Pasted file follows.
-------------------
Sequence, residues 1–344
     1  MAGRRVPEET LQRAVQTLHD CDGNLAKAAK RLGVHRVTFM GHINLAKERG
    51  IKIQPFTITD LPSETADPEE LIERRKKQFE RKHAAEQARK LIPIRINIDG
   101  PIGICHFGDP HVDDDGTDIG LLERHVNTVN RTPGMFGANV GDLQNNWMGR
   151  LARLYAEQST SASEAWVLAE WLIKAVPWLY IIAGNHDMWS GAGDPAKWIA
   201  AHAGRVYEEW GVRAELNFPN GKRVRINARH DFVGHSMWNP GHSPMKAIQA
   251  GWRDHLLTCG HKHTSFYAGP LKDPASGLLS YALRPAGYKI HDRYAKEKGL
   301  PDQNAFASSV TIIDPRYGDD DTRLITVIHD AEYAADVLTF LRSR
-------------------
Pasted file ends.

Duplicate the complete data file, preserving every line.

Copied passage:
Sequence, residues 1–344
     1  MAGRRVPEET LQRAVQTLHD CDGNLAKAAK RLGVHRVTFM GHINLAKERG
    51  IKIQPFTITD LPSETADPEE LIERRKKQFE RKHAAEQARK LIPIRINIDG
   101  PIGICHFGDP HVDDDGTDIG LLERHVNTVN RTPGMFGANV GDLQNNWMGR
   151  LARLYAEQST SASEAWVLAE WLIKAVPWLY IIAGNHDMWS GAGDPAKWIA
   201  AHAGRVYEEW GVRAELNFPN GKRVRINARH DFVGHSMWNP GHSPMKAIQA
   251  GWRDHLLTCG HKHTSFYAGP LKDPASGLLS YALRPAGYKI HDRYAKEKGL
   301  PDQNAFASSV TIIDPRYGDD DTRLITVIHD AEYAADVLTF LRSR